Every State In The U.S. Is Now Paying $4 A Gallon For Gasoline: AAA
A gasoline station attendant pumps diesel into a car at a filling station on March 23, 2010 in Berlin, Germany.
Sean Gallup/Getty Images

Pain at the pump is worsening nationwide, as every state in the United States is paying more that $4 a gallon for gas, according to AAA.

AAA’s Gas Prices tracker broke another record Tuesday, with the national average price for a gallon of gas climbing to $4.523 per gallon. That number is nearly $1.50 more per gallon than last year, when the average price was $3.045. At the same time, the average price for a gallon of gas climbed above $4 in every state in the union.

The states of Oklahoma, Kansas, and Georgia were the final holdouts. Gas prices in Oklahoma rose to $4.01 per gallon, an increase of just over one cent from Monday’s average of $3.99. Prices in Kansas rose 2 cents, from $3.98 per gallon Monday to $4.00 Tuesday. In Georgia, prices climbed an additional 6 cents overnight, from $3.99 to $4.06 per gallon.

Prices in California also crossed the $6 threshold Tuesday. The statewide average rose to $6.02 per gallon Tuesday, up 4 cents from Monday’s average of $5.98 per gallon. Two states, Oregon and Alaska, crossed the $5 mark as well. Washington and Nevada have also seen prices rise above $5 a gallon in recent weeks.

Prices have also soared to record highs in Canada. GasBuddy Chief Petroleum Analyst Patrick de Haan reported Tuesday that average prices in Canada surpassed $2 per liter for the first time ever.

The price of diesel continued to soar as well. The price of a gallon of diesel fuel rose to $5.57 Tuesday, continuing a streak of record-breaking price increases. Diesel prices broke records first in March of this year, but began climbing again in April and have continued since then. This time last year, the price of a gallon of diesel was about $3.17.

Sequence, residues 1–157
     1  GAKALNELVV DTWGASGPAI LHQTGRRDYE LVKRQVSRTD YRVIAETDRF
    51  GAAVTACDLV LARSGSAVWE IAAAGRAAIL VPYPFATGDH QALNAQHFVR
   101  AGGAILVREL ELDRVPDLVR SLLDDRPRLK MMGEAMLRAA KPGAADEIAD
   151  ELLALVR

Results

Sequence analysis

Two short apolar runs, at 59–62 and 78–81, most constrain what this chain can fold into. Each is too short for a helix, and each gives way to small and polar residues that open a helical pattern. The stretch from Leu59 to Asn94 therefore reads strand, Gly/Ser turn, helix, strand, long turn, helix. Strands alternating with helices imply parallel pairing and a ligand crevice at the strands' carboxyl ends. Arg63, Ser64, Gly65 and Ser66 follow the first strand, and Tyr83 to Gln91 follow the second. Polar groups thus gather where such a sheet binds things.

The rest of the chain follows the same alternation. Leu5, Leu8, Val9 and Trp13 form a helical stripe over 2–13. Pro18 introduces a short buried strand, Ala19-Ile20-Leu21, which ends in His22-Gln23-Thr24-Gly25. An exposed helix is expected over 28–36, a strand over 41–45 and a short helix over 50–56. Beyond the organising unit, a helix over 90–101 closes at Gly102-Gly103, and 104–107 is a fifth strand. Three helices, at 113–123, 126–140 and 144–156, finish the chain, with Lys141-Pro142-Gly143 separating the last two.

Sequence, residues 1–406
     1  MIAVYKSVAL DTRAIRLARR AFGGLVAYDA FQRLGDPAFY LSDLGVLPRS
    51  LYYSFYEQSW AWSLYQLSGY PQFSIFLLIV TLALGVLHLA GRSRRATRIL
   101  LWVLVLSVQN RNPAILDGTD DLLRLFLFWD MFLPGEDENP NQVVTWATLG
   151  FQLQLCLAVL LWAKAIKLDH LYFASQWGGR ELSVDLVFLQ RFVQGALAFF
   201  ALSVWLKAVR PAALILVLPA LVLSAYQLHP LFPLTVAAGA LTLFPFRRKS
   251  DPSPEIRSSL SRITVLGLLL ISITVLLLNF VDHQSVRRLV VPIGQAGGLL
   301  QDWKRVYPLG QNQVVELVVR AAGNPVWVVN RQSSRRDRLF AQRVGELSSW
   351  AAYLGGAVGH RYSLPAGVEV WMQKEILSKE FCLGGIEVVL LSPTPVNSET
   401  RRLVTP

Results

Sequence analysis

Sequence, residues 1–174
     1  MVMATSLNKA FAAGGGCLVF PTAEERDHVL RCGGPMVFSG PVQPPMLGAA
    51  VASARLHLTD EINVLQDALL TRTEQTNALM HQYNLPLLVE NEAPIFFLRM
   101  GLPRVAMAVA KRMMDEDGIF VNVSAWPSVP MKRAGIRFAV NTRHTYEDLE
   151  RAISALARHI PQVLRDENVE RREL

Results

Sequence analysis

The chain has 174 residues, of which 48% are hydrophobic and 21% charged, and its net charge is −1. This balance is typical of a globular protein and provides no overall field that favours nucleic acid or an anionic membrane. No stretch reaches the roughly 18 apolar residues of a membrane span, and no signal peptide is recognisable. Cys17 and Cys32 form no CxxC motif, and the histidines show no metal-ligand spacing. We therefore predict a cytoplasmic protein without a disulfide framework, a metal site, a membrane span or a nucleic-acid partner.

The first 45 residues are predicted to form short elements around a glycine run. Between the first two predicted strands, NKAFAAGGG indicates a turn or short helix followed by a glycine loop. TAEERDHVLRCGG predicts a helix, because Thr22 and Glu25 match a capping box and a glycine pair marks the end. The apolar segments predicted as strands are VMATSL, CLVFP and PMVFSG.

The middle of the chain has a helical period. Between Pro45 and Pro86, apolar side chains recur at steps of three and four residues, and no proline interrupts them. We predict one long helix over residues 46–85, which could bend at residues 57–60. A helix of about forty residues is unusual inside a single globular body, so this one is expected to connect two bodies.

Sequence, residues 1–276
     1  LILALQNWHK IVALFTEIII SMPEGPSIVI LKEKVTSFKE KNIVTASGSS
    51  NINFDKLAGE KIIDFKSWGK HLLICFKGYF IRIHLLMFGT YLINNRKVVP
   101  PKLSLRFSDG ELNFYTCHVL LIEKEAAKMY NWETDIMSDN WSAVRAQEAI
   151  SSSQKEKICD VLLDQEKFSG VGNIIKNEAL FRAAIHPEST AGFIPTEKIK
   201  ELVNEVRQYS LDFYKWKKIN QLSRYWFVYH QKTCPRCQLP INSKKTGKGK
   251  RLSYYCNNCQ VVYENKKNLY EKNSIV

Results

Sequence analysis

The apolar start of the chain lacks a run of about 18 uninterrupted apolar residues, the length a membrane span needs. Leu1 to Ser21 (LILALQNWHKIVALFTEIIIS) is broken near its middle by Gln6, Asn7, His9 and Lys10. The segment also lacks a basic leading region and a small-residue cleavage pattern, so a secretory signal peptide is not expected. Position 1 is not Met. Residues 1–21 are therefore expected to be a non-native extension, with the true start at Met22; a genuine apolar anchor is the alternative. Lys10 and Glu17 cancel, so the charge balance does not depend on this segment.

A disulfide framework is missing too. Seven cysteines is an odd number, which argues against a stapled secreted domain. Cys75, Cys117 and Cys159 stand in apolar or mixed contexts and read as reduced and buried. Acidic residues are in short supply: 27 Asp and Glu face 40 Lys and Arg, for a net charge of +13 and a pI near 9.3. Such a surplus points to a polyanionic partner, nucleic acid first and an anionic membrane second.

Experts have pointed out a number of potential causes for the continued surge in prices at the pump. The Biden administration has continued to be critical of American oil and natural gas production.

The Department of the Interior canceled a massive lease, totaling more than 1 million acres, in the Cook Inlet in Alaska, citing a “lack of industry interest in leasing in the area.”

The DOI also canceled two lease sales in the Gulf of Mexico because of “conflicting court rulings that impacted work on these proposed lease sales.” Biden also shut down the Keystone XL pipeline on his first day in office, and has previously nominated anti-fossil fuel advocates like Saule Omarova and Sarah Bloom Raskin, who have called for the financial sector to divest from fossil fuels.

In addition to lack of production, the U.S. is also experiencing a shortage of refinery capacity, especially for diesel fuel. According to the Energy Information Administration, the U.S. achieved about 19 million barrels per day in refinery capacity in 2019. But capacity declined by 4.5%, or nearly 1 million barrels per day, in 2020 because of the COVID-19 pandemic, and has not recovered.

As National Review’s Jim Geraghty pointed out Tuesday, six major oil refineries closed down in 2020: the Philadelphia Energy Solutions refinery in Philadelphia, PA; the Shell refinery in Convent, LA; the Tesoro Marathon refinery in Martinez, CA; the HollyFrontier refinery in Cheyenne, WY; the Western Refining refinery in Gallup, NM; and the Dakota Prairie refinery in Dickinson, ND. All but one of those refineries has been shut down permanently or converted into a refinery for processing biofuels.

Without these refineries and no existing plans to build new refineries or expand existing ones, as one Bloomberg headline put it: “The US Can’t Make Enough Fuel and There’s No Fix in Sight.